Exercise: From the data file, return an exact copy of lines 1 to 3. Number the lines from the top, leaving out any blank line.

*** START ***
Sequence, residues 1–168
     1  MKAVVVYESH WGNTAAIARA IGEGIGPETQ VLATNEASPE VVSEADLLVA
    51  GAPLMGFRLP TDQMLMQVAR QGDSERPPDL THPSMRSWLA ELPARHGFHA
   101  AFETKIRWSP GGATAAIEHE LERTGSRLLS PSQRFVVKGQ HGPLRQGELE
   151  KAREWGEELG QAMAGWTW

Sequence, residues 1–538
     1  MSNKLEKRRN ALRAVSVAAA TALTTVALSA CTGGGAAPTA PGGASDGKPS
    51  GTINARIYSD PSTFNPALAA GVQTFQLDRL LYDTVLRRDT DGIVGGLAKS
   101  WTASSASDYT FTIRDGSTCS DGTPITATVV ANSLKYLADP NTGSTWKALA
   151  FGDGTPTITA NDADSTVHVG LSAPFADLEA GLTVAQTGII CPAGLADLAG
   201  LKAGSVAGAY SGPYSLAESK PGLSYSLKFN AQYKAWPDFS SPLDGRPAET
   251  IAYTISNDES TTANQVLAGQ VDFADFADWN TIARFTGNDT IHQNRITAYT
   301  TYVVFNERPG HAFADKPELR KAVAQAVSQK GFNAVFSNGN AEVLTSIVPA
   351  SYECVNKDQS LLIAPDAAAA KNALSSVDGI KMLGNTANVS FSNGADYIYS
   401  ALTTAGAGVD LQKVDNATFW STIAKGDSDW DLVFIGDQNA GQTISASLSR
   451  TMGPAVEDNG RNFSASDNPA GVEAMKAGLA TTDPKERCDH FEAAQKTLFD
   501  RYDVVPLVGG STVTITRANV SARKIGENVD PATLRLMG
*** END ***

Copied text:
Sequence, residues 1–168
     1  MKAVVVYESH WGNTAAIARA IGEGIGPETQ VLATNEASPE VVSEADLLVA
    51  GAPLMGFRLP TDQMLMQVAR QGDSERPPDL THPSMRSWLA ELPARHGFHA